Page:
Lithuanian rabbi and astronomer; lived at Risenoi, government of Grodno, in the seventeenth and eighteenth centuries. In addition to his Talmudical acquirements Jonathan was proficient in astronomy and mathematics. In 1710 a terrible plague visited the town of Risenoi, and Jonathan and his family lived an entire year in the fields. He then vowed that, should he be spared, he would disseminate astronomical knowledge among his coreligionists. To fulfil this vow Jonathan, although he became blind, went to Germany, where the bibliographer Wolf met him in 1725. Jonathan was the author of "Yeshu'ah be-Yisrael," an astronomical commentary on Maimonides' laws on the neomenia (Frankfort-on-the-Main, 1720), and "Bi'ur," a commentary on Abraham ben Ḥiyya's astronomical work "Ẓurat ha-Areẓ" (Offenbach, 1720).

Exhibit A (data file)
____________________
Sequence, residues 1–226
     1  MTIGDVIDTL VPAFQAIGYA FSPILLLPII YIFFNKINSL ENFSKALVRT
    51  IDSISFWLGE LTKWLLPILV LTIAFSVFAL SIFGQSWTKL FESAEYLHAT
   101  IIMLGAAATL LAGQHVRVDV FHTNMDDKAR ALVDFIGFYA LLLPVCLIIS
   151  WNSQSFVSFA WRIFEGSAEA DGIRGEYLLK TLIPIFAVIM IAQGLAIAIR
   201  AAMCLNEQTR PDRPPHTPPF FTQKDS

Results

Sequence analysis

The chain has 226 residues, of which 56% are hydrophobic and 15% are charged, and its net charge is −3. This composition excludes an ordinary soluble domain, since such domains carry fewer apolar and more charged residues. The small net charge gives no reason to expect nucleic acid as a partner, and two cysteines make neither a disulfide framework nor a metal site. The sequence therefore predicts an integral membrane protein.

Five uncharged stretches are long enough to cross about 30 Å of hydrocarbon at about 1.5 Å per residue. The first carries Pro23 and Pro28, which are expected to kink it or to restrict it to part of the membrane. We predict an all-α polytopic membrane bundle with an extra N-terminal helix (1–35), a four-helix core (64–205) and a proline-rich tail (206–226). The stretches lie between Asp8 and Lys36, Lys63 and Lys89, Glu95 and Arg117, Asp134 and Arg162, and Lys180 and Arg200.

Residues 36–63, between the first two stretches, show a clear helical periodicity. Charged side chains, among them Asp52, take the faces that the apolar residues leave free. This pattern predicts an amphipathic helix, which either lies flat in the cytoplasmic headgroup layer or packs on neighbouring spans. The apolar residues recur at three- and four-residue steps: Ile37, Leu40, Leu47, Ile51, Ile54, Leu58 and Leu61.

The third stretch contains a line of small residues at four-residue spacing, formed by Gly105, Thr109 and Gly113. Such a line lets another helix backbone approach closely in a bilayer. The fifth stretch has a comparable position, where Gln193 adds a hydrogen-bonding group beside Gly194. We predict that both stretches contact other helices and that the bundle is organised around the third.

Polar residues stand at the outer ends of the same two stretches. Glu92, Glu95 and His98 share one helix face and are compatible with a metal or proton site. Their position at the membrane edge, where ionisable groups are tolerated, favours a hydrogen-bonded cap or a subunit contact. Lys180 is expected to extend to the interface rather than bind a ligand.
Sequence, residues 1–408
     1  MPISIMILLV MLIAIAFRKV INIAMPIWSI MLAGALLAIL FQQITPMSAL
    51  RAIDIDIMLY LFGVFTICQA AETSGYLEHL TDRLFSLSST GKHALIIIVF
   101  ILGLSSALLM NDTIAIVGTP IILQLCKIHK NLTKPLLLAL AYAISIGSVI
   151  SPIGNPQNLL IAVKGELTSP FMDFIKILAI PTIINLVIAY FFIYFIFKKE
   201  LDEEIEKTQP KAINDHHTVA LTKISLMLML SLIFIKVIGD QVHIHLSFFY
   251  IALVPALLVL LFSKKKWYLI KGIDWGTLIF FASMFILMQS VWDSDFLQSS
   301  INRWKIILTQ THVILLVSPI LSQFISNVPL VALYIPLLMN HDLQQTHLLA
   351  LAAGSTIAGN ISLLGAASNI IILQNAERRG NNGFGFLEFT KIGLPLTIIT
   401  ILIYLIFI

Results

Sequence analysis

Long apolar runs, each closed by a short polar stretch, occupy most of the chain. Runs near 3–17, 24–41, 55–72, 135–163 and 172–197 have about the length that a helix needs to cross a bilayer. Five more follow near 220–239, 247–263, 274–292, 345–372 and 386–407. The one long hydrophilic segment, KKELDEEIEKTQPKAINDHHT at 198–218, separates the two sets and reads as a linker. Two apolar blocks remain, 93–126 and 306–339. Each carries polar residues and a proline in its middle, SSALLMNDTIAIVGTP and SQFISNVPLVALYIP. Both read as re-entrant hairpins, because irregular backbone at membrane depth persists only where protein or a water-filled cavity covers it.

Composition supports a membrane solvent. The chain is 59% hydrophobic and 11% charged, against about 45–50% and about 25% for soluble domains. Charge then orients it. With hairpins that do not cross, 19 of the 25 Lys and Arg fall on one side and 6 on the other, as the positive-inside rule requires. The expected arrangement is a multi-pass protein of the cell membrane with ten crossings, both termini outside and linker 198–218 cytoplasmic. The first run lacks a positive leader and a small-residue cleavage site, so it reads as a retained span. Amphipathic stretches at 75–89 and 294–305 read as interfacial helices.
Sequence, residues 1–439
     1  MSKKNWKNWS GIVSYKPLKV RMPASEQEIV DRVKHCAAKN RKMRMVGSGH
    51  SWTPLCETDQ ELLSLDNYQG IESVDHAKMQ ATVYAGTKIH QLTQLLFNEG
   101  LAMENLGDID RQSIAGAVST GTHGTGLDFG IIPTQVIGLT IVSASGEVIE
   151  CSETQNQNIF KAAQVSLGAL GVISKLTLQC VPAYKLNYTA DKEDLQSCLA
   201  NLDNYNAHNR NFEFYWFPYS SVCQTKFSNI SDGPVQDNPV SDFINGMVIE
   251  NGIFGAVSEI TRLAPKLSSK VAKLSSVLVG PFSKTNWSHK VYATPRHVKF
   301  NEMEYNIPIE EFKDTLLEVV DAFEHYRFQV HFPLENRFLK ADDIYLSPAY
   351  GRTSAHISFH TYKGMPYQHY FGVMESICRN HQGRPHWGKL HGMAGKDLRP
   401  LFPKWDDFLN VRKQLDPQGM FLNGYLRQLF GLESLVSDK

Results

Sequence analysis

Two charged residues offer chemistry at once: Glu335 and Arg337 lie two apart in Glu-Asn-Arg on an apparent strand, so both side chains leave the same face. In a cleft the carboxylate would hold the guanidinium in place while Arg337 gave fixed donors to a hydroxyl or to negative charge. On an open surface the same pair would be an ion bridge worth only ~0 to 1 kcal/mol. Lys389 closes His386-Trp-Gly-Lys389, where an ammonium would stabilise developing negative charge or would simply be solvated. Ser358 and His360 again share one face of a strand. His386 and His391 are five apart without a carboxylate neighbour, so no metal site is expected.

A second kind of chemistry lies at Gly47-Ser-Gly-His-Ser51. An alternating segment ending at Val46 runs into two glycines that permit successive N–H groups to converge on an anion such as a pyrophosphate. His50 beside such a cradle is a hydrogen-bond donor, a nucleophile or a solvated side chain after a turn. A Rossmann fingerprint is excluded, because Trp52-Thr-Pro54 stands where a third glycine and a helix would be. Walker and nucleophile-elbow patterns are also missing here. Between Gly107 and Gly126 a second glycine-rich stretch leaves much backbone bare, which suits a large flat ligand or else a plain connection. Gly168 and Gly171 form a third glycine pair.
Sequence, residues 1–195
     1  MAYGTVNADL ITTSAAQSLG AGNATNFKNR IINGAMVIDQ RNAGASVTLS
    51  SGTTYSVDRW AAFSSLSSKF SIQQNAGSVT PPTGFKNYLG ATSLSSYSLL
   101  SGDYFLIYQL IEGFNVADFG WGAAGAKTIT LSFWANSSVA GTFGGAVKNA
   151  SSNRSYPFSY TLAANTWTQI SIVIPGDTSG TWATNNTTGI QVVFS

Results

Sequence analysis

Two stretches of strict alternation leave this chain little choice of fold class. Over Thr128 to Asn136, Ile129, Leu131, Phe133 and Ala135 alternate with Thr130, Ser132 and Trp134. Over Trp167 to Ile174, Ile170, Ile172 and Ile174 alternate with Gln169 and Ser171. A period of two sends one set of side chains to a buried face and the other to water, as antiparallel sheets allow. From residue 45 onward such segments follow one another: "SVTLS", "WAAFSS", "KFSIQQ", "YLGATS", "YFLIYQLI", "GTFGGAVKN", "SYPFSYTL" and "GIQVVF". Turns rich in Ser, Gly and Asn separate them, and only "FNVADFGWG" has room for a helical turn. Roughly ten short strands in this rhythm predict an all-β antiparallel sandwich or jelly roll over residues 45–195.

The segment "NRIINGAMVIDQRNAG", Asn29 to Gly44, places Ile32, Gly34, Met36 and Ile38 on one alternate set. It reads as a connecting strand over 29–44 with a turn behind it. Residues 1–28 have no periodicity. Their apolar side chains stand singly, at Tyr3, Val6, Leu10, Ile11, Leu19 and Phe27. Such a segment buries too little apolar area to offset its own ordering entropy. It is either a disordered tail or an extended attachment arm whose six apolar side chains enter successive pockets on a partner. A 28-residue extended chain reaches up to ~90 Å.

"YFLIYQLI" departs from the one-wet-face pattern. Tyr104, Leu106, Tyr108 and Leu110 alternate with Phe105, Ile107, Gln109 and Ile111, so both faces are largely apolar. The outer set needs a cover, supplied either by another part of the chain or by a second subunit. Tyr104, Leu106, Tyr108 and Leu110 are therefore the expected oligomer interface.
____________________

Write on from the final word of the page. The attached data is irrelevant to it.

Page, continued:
• Wolf, Bibliotheca Hebræa, iii., No. 844c;
  • Nepi-Ghirondi, Toledot Gedole Yisrael, p. 184;
  • Steinschneider, Cat. Bodl. col. 1433;
  • Fuenn, Keneset Yisrael, p. 428.
G. I. Br.
Images of pages